• Kent -  August 12, 2015 - 9:25 pm

      I don’t think you read the article? Inflammable in no sense whatsoever means non-flammable. So it would not be correct to say that it is ‘safer to use’ one form over the other. They are two completely opposite meanings.

      • Lynrod -  August 18, 2015 - 3:51 pm

        Flammable is a root word.Non is a prefex meaning not So non-flammable should mean not flammable.

    • joosangbai -  August 14, 2015 - 3:32 am

      YES, YES, YES!

      except anti INFLAMMATORY drug

      • qwerty -  September 11, 2015 - 12:47 am

        For those of you who don’t know what an anti-inflammatory drug is, it is a drug that reduces or prevents internal swelling

    • Marius Serbaneci -  August 15, 2015 - 4:11 am

      or may be “fire-proof” / “fire-resistant”?

    • William -  August 16, 2015 - 8:14 am

      this is precisely the reason for the article, as there shouldn’t be any confusion since inflammable and flammable mean the same thing.

  48. Jonathan Kaplan -  August 4, 2015 - 11:24 am

    What is the desired risk rating for self-incineration?

    • A person -  August 6, 2015 - 8:02 am

      100% :)

      • qwerty -  September 11, 2015 - 12:49 am

        not funny, you have a terrible sense of humour

    • mw -  August 13, 2015 - 11:34 pm

      or did you mean self-immolation :-)

  49. Fayomi Yinusa A. -  August 3, 2015 - 11:37 pm


  50. Fayomi Yinusa A. -  August 3, 2015 - 11:35 pm

    I was happy to find a lasting solution to a long years problem. Thanks!

  51. Gary Hart -  August 3, 2015 - 6:10 pm

    Thank you for your etymological explanation. George Carlin did a fabulous sketch on all three: flammable, inflammable and non-inflammable.

  52. joe -  August 2, 2015 - 1:37 pm

    I always think of Riviera’s moment on the Simpsons when talking about these 2 words.

  53. Thekkedathu Kochaipa Thomas -  August 2, 2015 - 9:07 am

    Being a student of English (language and literature) I feel the explanation given was satisfactory. Even then we need to explore the derivatives of words as well as its etymology. It is during the time of Sir Francis Bacon around 16c. and reign of Elizabeth II Regina that English developed from that of its first poet Geoffrey Chaucer (1350) the Canterbury Tales. Then Dr. Samuel Johnson the first lexicographer (1750) wrote his dictionary in his own whimsical way: Cricket: A game of f..ls, played by two and watched by many. I will further check, explore and revert. Thanks for the present.

    • Michelle The Nerd (MTN) -  August 13, 2015 - 2:27 pm


    • Ken Agutter -  October 4, 2015 - 10:57 pm

      I know our Queen, Elizabeth II has very recently become the longest reigning monarch ever, but I didn’t realise she had been around that long. And who was the impostor Elizabeth I?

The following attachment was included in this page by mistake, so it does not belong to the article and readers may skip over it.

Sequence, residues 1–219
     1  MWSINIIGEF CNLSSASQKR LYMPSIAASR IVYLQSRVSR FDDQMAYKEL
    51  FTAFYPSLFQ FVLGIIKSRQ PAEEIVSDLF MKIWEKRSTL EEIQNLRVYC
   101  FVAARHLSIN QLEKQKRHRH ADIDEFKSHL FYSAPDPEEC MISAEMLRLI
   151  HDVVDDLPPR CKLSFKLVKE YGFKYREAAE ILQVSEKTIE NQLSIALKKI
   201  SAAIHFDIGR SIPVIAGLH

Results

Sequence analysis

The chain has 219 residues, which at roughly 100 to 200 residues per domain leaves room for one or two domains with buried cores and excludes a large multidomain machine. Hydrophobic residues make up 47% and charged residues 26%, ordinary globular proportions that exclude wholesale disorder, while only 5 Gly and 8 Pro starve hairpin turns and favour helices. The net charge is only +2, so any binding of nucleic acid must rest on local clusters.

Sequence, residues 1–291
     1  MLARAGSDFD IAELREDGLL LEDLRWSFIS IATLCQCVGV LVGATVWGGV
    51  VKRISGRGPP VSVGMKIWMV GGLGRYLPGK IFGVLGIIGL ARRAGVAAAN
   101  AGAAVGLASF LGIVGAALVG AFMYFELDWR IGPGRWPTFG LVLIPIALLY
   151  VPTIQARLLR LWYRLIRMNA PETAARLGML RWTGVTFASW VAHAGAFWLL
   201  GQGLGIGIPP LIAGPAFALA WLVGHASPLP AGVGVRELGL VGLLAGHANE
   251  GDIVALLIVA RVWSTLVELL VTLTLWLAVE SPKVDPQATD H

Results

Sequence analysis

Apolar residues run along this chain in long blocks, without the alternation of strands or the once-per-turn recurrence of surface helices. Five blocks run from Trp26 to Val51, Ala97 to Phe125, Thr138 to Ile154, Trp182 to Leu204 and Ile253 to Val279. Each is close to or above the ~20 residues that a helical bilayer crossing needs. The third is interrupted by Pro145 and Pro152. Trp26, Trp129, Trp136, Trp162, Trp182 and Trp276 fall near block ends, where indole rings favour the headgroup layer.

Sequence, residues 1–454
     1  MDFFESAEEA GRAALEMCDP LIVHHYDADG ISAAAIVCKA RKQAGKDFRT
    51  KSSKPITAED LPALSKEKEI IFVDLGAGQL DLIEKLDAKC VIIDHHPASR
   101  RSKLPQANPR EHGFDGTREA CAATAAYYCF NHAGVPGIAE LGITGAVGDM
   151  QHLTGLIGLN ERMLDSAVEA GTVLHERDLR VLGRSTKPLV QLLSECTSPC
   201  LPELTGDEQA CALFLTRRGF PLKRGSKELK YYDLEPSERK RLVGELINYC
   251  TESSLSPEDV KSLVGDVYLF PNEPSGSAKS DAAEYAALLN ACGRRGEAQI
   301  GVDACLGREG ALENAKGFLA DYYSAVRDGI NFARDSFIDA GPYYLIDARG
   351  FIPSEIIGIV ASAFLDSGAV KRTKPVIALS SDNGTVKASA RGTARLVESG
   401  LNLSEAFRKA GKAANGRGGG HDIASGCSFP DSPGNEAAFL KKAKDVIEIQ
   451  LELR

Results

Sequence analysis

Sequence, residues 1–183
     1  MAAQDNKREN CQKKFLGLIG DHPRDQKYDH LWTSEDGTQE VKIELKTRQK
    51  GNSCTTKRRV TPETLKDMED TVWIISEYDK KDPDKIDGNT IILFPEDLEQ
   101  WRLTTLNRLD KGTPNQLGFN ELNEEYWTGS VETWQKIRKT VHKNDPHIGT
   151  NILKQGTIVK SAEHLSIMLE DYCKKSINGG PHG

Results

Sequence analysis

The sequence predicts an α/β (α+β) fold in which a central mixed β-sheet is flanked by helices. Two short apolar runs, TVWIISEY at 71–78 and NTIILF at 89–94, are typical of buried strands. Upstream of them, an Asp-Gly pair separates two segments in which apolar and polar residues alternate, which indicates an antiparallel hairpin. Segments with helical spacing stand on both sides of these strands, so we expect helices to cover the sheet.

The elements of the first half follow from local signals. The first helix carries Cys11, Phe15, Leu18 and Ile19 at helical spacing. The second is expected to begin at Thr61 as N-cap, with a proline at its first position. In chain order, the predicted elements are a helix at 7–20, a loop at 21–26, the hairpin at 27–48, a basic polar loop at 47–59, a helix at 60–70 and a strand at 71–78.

54. Wayne R -  August 2, 2015 - 5:57 am

    This is one of those grammar confusions that has always bothered me. I was happy to see the Simpsons make fun of it and I personally use flammable or combustible.

    • Michael -  August 11, 2015 - 7:31 am

      ‘in-’ (or ‘im-’ depending on the consonant which follows) can be the negative English (and other European languages) inherited from Latin. The prefix ‘in-’ can also come from the preposition, the longer form of which is ‘into’ in English. Thus, ‘habitable’ means “able to live”, subsequently ‘inhabitable’ means “able to live IN”. By extension, ‘flammable’ signifies “able to be burn/flame. Then, ‘inflammable’ can therefore be translated literally “able to burst INTO flame”.

      • Michael L. -  August 13, 2015 - 11:39 pm

        I think you essentially got it right but you need to push the rationale a little further: It starts with the word “flame”, which gives the verb “to inflamme” and then “inflammable” (able to inflamme), So “inflammable” is “correct”. “Flammable” must have come later because of the wrong notion that “inflamme” has the negative “in-”, which it does not. “Flammable” could have been “correct” if the verb “to flame” (or “to flamme”) existed, but it doesn’t, or rather does not with this meaning (I believe…).

      • Brian -  May 4, 2016 - 1:35 pm

        Inhabitable is actually a misleading example to begin with. The word being modified is “inhabit” which is NOT the word “habit” with the prefix “in” – it is it’s own root word in the English language. There’s no root word “habit” which refers to a home or location – you’d have to use habitat, which we can’t use as an example because we don’t have a word “inhabitatable”. On the other hand, Inflammable is the word “flame” with the prefix “in” and the suffix “able”. They’re not comparable.